The Swedish city of Örebro has significantly risen the parking fees in its most central parking lots. Monitoring during the first months showed that the occupancy of the most central parking had decreased slightly from 70% to 65%. In less central parking that gives access to the outer areas of the centre, the occupancy rate decreased during the day from 43% to 32% as an effect of the higher day fee but increased during the night from 42% to 51% due to a higher rate of resident parking.
The results indicate that an adjustment of parking fees in one part of the city brought consequences in another part. As the parking fees increased in the central parts, the occupancy rate in the outer parts of the city increased with people changing their behaviour to avoid parking fees. This shows the importance of considering the entire system when enforcing changes.
How good are you at parking management? Get engaged through the PARKPAD audit!
As indicated in the previous segments, POLIS members and Park4SUMP project partners have profited from a revision of their parking management strategy. The good news is: your city can also tap this ‘well of knowledge’ by signing up for a dedicated parking management audit scheme – the so-called ‘ParkPAD’ framework!
This scheme provides cities with guidance on their urban parking policies and puts the focus on improving current policies while planning for various future policy goals.
The audit scheme is performed by a trained and experienced national auditor that guides a city throughout the audit process. In the first step, a digital survey is used to assess current parking management policies and practices. After a first assessment of the current state of play, the parking policy is formulated with the help of the auditor. At the end of this process, the city receives a full report and an official ParkPAD certificate.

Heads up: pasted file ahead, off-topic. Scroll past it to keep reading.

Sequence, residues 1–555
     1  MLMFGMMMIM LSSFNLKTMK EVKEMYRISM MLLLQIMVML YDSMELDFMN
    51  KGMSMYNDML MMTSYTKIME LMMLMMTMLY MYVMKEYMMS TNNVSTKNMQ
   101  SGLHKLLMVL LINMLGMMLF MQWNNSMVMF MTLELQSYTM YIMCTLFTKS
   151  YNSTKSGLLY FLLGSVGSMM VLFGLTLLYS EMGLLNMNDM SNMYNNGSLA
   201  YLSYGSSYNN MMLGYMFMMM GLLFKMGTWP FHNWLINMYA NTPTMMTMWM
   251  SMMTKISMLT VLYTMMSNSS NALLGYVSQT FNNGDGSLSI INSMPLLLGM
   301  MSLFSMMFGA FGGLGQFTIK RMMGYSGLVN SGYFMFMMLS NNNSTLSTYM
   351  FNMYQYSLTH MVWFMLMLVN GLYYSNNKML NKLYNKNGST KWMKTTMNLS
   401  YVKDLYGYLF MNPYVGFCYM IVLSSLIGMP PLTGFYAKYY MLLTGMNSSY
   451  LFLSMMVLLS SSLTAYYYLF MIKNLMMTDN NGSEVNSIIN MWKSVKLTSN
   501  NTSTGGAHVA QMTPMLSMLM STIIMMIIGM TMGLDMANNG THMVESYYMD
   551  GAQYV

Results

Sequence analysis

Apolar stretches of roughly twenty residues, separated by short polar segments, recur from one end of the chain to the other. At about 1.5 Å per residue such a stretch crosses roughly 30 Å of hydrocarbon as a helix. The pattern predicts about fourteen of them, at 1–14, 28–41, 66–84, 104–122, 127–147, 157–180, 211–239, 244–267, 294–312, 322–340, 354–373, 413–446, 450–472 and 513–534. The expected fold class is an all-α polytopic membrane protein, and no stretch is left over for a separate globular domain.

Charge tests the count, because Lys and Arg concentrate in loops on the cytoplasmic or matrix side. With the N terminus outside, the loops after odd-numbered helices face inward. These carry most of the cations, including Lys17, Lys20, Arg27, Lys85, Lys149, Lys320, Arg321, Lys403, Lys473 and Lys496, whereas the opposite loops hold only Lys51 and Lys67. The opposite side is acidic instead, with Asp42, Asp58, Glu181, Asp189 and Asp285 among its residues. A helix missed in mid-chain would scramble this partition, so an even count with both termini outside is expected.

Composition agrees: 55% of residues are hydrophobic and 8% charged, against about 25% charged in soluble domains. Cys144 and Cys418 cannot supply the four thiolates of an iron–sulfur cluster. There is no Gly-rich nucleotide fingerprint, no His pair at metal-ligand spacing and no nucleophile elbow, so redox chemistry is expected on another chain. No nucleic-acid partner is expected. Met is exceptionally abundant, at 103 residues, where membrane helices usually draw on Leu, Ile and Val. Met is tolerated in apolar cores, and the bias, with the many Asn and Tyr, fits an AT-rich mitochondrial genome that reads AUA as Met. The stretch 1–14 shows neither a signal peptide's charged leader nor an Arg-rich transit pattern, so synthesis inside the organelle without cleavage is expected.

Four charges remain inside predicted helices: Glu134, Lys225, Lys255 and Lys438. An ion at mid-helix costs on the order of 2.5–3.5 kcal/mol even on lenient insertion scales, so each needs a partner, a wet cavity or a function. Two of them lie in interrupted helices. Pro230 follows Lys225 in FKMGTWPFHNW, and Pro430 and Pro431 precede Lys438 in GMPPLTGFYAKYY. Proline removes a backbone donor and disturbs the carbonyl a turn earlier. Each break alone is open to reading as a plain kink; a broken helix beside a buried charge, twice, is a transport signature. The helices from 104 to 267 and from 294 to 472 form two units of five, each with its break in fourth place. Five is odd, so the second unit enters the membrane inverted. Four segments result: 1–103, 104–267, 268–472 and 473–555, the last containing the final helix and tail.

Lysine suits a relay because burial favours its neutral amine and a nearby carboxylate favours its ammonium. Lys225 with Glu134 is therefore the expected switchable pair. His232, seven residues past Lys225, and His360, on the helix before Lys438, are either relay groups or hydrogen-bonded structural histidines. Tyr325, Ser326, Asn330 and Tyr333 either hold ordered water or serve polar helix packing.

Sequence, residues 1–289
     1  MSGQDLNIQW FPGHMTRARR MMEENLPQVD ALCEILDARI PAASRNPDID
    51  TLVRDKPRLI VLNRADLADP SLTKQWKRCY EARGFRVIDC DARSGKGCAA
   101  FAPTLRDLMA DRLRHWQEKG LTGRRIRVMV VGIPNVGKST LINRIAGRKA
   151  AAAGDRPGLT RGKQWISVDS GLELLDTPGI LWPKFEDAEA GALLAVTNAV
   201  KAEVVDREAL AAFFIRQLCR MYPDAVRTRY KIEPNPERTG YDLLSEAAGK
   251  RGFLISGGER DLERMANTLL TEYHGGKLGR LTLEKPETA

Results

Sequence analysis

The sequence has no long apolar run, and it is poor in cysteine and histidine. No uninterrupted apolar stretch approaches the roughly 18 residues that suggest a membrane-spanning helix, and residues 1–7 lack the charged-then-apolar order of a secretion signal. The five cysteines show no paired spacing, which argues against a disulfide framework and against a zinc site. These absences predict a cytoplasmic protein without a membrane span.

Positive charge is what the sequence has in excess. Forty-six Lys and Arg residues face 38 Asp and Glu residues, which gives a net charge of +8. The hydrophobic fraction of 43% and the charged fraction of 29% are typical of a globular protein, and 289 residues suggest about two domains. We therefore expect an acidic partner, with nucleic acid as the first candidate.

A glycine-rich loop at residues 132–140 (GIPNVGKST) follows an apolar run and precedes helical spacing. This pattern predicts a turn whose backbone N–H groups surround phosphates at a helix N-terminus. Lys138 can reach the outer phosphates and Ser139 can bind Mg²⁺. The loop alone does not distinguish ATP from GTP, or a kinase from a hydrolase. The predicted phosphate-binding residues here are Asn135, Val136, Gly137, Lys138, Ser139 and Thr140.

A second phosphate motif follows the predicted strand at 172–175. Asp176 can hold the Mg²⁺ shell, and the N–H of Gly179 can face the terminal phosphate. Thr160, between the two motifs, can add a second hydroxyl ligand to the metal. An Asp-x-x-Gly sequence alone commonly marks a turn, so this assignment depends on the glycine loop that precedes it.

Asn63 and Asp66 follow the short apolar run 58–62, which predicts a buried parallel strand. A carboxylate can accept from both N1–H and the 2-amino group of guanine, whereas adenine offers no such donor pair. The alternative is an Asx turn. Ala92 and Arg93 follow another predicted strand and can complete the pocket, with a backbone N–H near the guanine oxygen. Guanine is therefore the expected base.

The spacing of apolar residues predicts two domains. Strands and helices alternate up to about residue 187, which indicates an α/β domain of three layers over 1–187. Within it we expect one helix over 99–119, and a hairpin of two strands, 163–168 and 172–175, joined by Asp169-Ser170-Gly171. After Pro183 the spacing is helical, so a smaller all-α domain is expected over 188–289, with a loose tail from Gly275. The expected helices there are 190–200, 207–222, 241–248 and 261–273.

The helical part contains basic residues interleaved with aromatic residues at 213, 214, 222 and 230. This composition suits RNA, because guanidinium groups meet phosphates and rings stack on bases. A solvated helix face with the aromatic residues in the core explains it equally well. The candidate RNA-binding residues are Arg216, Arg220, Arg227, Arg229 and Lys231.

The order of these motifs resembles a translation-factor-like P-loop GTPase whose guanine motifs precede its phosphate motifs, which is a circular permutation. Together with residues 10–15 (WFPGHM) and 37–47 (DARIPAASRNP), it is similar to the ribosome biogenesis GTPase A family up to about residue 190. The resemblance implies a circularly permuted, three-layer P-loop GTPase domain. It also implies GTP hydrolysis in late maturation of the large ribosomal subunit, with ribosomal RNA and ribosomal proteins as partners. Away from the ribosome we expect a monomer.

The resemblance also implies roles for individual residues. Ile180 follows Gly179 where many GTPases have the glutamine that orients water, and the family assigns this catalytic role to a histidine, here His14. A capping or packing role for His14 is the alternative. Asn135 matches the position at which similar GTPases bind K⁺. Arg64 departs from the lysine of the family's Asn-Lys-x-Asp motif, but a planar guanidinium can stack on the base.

Even though the Park4SUMP project officially ended in the summer of 2022, the ParkPAD framework will remain accessible for the coming years.
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About the authors:
Ivo Cré is Director of Policy & Projects and Coordinator for Access at POLIS. He is involved in POLIS’ policy coordination and activities of EU project development. Ivo coordinates the POLIS Working Groups on Access and Parking and has coordinated POLIS’ policy paper on smart cities. He works on a number of projects, includin Park4SUMP, USEPE, ReVeAL, UVAR Box, FlexCurb, APOLLO-EU, FUTURE HORIZON and Urban Transports Community.
Niklas Schmalholz is Project and Communications Officer at POLIS. focuses on EU-funded projects related to UVARs, emerging mobility solutions, parking and sustainable urban mobility. He has been involved in the policy field of regional cooperation and integration and (urban-) transport policy since 2017 and worked in project dissemination for the past few years.